there's questions about how valid that really is. but when we have discussing the very important idea of health care in this country and now the president promoting the idea of repealing the aca without an immediate replacement for it, i just want to play for you and get your reaction to how senator ben sass described that today. >> i'd like to say let's do the repeal, then let's try to get 60 out of 100 senators. let's bring everybody into the room. let's do this full time, 18 hour also a day, six days a week. let's cancel the august state work period. let's do it in full public view. >> what do you think about that, sir, about the approach right there, cancel august recess, do it in full public view? talk about what it means especially to the constituents that would affect the area you represent. >> el wiwell, i mean, that stra could work. there's no guarantee for success. it's certainly a strategy that can work. it's not the only strategy that can work.
so, you know, we'll see what the senate produces over the course of this upcoming week as they get prepared to come back. >> would you be worried about the gap that would be created? about just a repeal with the intention, maybe, of a replace? that gap period where people would fall short? >> oh, absolutely. it's important that you're not lifting the rug out from anyone and you have a smooth transition. there's a difference between having a one-page bill that says repeal immediately and a one-page bill that says repeal at some date in the future. what i wouldn't want to see is for someone who's undergoing cancer treatment at sloan-kettering and they're going in for their chemo next week, for them all of a sudden to get news that congress passed a bill that means they don't have insurance coverage for their chemo. that is not an option. so the time line, if you were to talk about the strategy the senator is talking about, i would strongly oppose the idea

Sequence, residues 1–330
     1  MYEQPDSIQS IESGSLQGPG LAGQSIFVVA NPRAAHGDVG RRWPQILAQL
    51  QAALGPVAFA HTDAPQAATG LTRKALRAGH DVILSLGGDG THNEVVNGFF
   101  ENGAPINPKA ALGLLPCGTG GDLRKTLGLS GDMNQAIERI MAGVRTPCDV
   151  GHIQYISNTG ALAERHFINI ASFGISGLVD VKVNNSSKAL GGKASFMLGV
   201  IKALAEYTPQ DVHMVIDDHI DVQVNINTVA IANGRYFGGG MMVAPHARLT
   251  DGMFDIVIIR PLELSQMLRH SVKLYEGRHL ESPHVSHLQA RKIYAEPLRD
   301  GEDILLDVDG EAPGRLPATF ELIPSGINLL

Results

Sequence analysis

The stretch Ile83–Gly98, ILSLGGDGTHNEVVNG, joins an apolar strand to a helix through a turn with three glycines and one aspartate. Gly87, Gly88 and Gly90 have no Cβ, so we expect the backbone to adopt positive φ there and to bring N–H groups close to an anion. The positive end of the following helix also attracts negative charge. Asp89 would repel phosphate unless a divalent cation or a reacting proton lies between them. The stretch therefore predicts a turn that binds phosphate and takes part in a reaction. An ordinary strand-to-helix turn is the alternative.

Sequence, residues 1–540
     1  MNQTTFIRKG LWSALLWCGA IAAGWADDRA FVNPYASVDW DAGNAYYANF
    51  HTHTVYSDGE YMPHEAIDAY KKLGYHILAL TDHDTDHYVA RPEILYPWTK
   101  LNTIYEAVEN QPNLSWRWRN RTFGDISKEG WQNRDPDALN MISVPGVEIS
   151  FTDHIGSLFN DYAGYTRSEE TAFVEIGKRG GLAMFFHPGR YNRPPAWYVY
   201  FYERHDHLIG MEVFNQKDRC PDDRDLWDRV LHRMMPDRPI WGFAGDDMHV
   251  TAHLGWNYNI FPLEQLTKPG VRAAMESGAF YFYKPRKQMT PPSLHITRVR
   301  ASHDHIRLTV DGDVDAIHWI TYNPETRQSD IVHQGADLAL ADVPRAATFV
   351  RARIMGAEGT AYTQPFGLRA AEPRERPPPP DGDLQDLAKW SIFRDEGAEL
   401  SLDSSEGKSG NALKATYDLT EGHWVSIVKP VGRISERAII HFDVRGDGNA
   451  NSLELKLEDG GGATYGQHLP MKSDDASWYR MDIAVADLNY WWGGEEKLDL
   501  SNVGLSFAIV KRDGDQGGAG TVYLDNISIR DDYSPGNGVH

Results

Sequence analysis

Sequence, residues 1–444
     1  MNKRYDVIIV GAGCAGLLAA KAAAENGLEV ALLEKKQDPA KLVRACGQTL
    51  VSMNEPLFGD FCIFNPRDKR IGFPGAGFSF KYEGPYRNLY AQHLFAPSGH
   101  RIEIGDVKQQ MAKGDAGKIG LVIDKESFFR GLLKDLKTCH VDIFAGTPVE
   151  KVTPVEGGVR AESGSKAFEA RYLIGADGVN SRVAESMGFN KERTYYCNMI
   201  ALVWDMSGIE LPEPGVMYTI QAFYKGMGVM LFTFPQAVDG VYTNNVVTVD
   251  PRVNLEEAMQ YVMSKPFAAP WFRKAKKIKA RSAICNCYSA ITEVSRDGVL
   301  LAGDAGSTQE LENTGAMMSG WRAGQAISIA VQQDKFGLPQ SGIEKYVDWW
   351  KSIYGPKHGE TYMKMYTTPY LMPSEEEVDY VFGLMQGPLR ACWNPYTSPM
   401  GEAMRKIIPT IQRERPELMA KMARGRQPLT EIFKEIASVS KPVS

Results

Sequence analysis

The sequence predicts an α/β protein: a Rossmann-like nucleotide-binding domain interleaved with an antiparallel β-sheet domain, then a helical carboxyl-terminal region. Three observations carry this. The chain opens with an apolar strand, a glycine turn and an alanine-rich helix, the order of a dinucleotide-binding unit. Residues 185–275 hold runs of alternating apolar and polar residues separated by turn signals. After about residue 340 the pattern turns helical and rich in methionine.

of immediately repealing right now. because that would cause a tremendous amount of a damage to the market. but most of the insurance market, most importantly, what that means is the impact on people who are relying on their insurance coverage today for health care services that they're receiving right now. that if you rip away their insurance coverage, they can't afford to continue the treatment. >> right. >> that shouldn't be an option. >> that would leave a lot of people certainly in dire straits. as we know, the cbo has put out its scoring information, saying that the senate bill would reduce revenue by $701 billion. and then the top 1% house holds earning the $75,000 or more would be the biggest winners in this with the type of tax break, tax cut that they would be getting. for society as a whole, much good for it, how does society benefit from the already wealthiest americans getting such a large tax cut for those